Editor’s Note: Peter Bergen is CNN’s national security analyst, a vice president at New America and a professor of practice at Arizona State University. Bergen’s new paperback is “The Rise and fall of Osama bin Laden.” from which this article is, in part, adapted. The views expressed in this commentary are his own. View more opinion on CNN.
The airstrike that killed al Qaeda leader Ayman al-Zawahiri over the weekend in Afghanistan is part of the long and justified campaign by the United States to bring all the heads of the terror group to justice.
Let’s be clear about who Zawahiri really was. In remarks at the White House on Monday, President Joe Biden described Zawahiri as a terrorist mastermind “deeply involved in the planning of 9/11,” as well as the bombings of the USS Cole in Yemen in 2000 and two US embassies in Africa in 1998 that killed more than 200 people.
But in my two-and-a-half decades of intensive reporting on al Qaeda, and based on discussions with key CIA and FBI officials tracking both Zawahiri and Osama bin Laden, as well as militants who knew both men, I have found little or no evidence for those assertions.
As for Zawahiri’s role in recent years as al Qaeda leader, he was unable to resuscitate the terrorist group, which hasn’t carried out a major attack in the West since al Qaeda-trained suicide bombers killed 52 commuters in London in 2005.
Zawahiri was not a charismatic leader of al Qaeda in the mold of Osama bin Laden. Instead, he had all the charisma of a boring uncle given to long, arcane monologues, someone that you would best avoid sitting next to at Thanksgiving dinner.
This is not to undercut the significance of killing bin Laden’s successor. But let’s be realistic about Zawahiri’s importance historically in the hierarchy of al Qaeda and his role in the organization in more recent years.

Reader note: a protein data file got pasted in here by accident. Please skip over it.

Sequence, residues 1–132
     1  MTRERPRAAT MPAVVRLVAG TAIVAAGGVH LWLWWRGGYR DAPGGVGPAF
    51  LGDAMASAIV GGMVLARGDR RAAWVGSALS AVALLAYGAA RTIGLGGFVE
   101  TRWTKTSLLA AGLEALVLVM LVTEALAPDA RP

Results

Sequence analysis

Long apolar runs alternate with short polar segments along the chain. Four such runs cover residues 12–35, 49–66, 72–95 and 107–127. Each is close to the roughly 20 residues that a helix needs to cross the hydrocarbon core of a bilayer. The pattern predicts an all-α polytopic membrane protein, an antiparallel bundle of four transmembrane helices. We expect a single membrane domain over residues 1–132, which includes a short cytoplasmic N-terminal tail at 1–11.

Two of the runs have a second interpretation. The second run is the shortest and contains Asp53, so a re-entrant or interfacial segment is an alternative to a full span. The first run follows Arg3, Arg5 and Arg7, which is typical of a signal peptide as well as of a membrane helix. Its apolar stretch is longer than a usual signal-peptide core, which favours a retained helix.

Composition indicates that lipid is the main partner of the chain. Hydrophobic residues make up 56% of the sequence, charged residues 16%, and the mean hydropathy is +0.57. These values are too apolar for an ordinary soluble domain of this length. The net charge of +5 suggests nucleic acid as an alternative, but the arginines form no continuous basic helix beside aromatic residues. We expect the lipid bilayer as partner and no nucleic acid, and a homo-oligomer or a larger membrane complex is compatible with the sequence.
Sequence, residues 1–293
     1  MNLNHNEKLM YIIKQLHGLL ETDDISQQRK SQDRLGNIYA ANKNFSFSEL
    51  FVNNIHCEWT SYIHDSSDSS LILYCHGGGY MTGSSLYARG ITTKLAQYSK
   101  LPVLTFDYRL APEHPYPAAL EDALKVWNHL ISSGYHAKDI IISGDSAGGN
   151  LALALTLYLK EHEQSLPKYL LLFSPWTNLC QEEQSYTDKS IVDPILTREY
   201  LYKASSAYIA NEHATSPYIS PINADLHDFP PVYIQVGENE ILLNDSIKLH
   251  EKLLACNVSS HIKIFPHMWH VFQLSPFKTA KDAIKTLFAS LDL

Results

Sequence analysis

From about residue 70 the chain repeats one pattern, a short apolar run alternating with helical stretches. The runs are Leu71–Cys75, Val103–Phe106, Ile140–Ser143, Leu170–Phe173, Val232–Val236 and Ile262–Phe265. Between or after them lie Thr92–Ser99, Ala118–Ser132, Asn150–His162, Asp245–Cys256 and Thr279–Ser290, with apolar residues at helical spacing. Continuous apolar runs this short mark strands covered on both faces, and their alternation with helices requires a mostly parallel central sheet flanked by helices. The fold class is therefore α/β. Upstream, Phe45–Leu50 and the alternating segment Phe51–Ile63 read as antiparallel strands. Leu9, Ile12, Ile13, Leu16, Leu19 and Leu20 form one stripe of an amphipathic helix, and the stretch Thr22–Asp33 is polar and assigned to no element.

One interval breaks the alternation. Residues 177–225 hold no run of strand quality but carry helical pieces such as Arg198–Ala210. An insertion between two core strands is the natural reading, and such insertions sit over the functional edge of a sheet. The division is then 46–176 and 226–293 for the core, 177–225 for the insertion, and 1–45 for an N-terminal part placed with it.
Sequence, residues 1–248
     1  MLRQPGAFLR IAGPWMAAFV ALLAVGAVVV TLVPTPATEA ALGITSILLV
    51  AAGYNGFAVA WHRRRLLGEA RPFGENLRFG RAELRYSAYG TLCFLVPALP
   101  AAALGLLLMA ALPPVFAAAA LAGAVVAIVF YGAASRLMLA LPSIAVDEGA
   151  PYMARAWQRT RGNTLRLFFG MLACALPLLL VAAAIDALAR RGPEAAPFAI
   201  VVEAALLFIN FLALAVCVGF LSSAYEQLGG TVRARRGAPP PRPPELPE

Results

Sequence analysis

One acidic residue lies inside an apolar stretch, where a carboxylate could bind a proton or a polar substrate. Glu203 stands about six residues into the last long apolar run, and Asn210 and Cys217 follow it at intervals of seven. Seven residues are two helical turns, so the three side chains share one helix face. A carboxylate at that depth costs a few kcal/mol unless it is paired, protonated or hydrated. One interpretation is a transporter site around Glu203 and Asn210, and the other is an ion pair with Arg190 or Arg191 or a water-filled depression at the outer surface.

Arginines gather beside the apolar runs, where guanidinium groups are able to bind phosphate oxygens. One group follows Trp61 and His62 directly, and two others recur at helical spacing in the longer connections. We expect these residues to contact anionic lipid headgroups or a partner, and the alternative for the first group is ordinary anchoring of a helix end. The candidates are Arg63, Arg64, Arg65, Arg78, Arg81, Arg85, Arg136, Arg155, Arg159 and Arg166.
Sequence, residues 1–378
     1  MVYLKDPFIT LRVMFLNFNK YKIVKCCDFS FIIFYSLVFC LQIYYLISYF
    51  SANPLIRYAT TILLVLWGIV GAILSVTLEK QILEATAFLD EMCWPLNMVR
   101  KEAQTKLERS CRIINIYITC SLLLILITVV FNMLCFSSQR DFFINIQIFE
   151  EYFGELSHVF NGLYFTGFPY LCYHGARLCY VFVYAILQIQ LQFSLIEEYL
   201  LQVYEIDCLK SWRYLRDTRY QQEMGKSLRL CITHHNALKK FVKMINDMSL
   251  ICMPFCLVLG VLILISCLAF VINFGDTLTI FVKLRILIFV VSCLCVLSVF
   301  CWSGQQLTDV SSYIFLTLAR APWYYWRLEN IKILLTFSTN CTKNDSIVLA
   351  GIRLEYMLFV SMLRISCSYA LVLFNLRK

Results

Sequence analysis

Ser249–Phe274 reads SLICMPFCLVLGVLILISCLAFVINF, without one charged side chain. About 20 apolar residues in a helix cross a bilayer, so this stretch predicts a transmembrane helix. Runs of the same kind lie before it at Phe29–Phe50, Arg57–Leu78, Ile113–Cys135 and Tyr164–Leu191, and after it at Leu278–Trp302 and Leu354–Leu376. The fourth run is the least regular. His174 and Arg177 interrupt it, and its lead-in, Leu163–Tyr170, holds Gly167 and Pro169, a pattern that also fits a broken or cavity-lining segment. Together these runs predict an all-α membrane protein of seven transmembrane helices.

While Zawahiri was influential in the very early years of al Qaeda in turning bin Laden against the regimes in the Middle East, he wasn’t involved in bin Laden’s most important strategic decisions – that is, turning him against the US and planning 9/11. And Zawahiri proved to be an incompetent leader of al Qaeda when he took over the group more than a decade ago.
Looking ahead, might there be a plausible successor to Zawahiri waiting in the wings who could revive the group’s flagging fortunes?
The strike against Zawahiri indicates that his successor will likely have substantial freedom of movement to operate in Taliban-controlled Afghanistan. Indeed Zawahiri was living in downtown Kabul, a fact that was well known to some leaders of the Taliban, according to senior US government officials.
Zawahiri’s marginal role in al Qaeda before 9/11
Before 9/11, Zawahiri was a relatively marginal player in al-Qaeda, despite his role as one of the public faces of the organization.
In 1986, bin Laden first met Zawahiri, an Egyptian surgeon, at a hospital in Peshawar, Pakistan where bin Laden was giving a lecture. Bin Laden was intrigued by the older, more politically experienced Zawahiri, who had joined a jihadist group at 15 and had served three years in prison in Egypt. The two became close and Zawahiri encouraged bin Laden to imagine the possibilities of overthrowing the regimes in Arab countries such as Egypt.
As a result, during the late 1980s Zawahiri influenced bin Laden’s thinking about the need to fight the “near-enemy” Arab regimes such as Egypt. But by the time bin Laden had taken up residence in Taliban-controlled Afghanistan in 1996 the two men’s relative importance on the “field of jihad” had changed quite dramatically. Zawahiri was a penniless refugee with virtually no followers whereas bin Laden was a well-known jihadist hero the Taliban had appointed to be responsible for all the Arabs living in Afghanistan.
But bin Laden found a way to use Zawahiri for his own purposes – to advance his goals instead of those of this fellow jihadist whose focus was not on the US but on Egypt. Bin Laden released a statement on behalf of the “World Islamic Front,” a joint declaration made by himself, Zawahiri, and other militant leaders from Bangladesh, Egypt and Pakistan on February 22, 1998. The declaration claimed it was now a religious duty for any Muslim to kill American civilians anywhere in the world.
This declaration of war made no mention of Zawahiri’s lifelong goal of overthrowing the “near-enemy” Egyptian regime and instead was focused on bin Laden’s “far-enemy” goal of attacking America. Bin Laden had co-opted Zawahiri to be part of his holy war against the US, not the other way around, which was the dominant narrative in the years after the 9/11 attacks.
There is no evidence that bin Laden’s decision to target the US had any input from Zawahiri, despite later claims that Zawahiri was really the “brains” behind bin Laden.